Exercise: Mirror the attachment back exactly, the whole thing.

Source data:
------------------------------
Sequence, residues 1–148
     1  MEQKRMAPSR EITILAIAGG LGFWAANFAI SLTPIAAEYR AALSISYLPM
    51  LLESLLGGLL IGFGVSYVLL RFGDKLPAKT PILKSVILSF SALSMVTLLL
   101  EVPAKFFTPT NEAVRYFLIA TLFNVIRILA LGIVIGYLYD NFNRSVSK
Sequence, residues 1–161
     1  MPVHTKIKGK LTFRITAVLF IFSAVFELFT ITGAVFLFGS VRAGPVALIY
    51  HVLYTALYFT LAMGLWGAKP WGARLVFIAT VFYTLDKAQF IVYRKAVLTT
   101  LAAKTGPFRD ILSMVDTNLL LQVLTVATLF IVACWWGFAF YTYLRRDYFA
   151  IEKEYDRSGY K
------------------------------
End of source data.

Sequence, residues 1–148
     1  MEQKRMAPSR EITILAIAGG LGFWAANFAI SLTPIAAEYR AALSISYLPM
    51  LLESLLGGLL IGFGVSYVLL RFGDKLPAKT PILKSVILSF SALSMVTLLL
   101  EVPAKFFTPT NEAVRYFLIA TLFNVIRILA LGIVIGYLYD NFNRSVSK
Sequence, residues 1–161
     1  MPVHTKIKGK LTFRITAVLF IFSAVFELFT ITGAVFLFGS VRAGPVALIY
    51  HVLYTALYFT LAMGLWGAKP WGARLVFIAT VFYTLDKAQF IVYRKAVLTT
   101  LAAKTGPFRD ILSMVDTNLL LQVLTVATLF IVACWWGFAF YTYLRRDYFA
   151  IEKEYDRSGY K